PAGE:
At the contract address we can find two different UTxO types. It’s either a Bid or an Offer (Listing) UTxO. Each SpaceBud has its own Bid and Offer UTxO, which means we could find up to 20k valid UTxOs at the contract address. What does valid mean here? Anyone can create UTxOs at the contract address, so we need to find a way to differentiate between legit and “fake” ones. We can achieve that by using NFTs in our UTxOs. For the offering side it’s easy, we just use a SpaceBud in the Offer UTxO and this one already legitimizes the UTxO. However on the bidding side we do not have any NFT, so we need to create one. For SpaceBudz we created 10k bid NFTs and named them SpaceBudBid{id} (e.g. SpaceBudBid0). These prevent the user from opening up their own Bid UTxOs and they rather have to follow the current state of a specific Bid UTxO. Initially we created 1k Bid UTxOs at the contract, where each UTxO contains 10 bid NFTs. These get automatically distributed over time, so there will be eventually 10k Bid UTxOs.

Plutus validator of SpaceBudz

Looking closer at the actual on-chain code we see the states (datums) marked in blue and the state transitions (redeemers) marked in green. There are 3 valid states StartBid, Bid and Offer. From each state we only allow certain state transitions. Each transition must follow the rules (the boolean expressions) in order to get to the new state successfully.
In the following all state transitions will be explained. For simplicity we don’t show the validator in the middle of the graphics. The whole inputs/outputs and transaction context is checked by the SpaceBudz validator.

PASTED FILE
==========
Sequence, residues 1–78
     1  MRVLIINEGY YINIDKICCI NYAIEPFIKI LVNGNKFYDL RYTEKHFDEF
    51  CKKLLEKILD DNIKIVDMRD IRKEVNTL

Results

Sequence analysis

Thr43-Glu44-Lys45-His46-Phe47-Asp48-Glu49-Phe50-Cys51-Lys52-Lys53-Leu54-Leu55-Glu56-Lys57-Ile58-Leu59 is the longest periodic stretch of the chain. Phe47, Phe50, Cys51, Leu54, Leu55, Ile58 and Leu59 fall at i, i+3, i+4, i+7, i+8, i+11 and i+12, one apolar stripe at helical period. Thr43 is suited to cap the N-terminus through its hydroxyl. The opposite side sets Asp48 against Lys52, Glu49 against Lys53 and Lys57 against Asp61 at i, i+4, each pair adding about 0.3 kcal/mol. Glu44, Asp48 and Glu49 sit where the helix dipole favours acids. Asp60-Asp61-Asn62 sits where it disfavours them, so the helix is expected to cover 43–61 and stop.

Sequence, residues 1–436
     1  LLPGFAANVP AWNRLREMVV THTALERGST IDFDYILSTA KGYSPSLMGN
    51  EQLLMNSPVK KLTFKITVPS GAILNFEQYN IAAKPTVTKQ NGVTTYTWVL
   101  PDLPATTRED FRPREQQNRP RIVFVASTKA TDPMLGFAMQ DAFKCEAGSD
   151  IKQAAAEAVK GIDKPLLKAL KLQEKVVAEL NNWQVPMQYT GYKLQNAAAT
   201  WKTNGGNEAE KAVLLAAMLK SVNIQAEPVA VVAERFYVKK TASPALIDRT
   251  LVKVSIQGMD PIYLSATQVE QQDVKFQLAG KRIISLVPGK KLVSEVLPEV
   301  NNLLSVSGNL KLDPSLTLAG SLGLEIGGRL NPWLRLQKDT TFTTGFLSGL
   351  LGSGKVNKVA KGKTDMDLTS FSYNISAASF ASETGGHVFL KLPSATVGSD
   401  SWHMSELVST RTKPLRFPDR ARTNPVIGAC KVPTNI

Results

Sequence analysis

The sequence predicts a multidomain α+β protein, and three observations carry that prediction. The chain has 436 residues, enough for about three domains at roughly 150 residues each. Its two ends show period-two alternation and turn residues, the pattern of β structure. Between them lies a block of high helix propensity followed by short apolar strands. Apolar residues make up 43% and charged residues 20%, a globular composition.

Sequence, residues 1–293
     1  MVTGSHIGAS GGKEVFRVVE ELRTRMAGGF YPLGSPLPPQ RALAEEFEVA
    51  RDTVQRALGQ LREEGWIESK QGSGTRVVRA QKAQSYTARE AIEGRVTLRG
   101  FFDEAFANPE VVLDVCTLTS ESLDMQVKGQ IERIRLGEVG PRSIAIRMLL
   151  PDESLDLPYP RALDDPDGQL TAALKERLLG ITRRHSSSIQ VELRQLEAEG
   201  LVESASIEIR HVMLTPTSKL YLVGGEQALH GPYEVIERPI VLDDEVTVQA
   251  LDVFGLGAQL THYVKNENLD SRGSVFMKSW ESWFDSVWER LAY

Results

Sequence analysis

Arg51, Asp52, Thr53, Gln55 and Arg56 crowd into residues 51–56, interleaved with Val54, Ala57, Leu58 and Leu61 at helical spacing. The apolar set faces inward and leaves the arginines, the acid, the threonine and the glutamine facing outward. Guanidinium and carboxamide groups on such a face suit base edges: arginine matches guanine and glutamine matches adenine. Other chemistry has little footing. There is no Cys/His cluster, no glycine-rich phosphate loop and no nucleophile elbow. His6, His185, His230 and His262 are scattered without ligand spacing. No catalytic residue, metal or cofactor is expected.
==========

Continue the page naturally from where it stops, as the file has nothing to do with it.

Start bidding

We assume all bid tokens have been equally distributed across 10k Bid UTxOs and we don’t cover the case here if multiple bid NFTs are in a single UTxO.

Start bidding

Alice wants to bid 100 ₳ on SpaceBud1. She’s the first one opening up a bid and that’s why we find UTxO A in the state StartBid with the SpaceBudBid1 NFT. In order to open open up the bid successfully, she has to use the BidHigher redeemer and needs to creates a new script UTxO in the state Bid, which has to contain the SpaceBudBid1 NFT and her bid amount (must be greater than 70 ₳).



Bob is now bidding on SpaceBud1 as well. He is willing to bid an higher amount of 200 ₳. In order to do that he has to take the UTxO A (which Alice created before) and needs to use the BidHigher redeemer to transition from Bid to Bid again. Also the SpaceBudBid1 NFT needs to be in the script UTxO as well again. The bid amount needs to be higher than the bid from Alice. Alice of course needs to be refunded.

Listing (Offering)


Alice is the owner of SpaceBud1 now and wants to list it on the market place. Listing is not a direct contract interaction. You simply send a UTxO with your SpaceBud and the Offer datum to the contract address.

Canceling Bid

Canceling Bid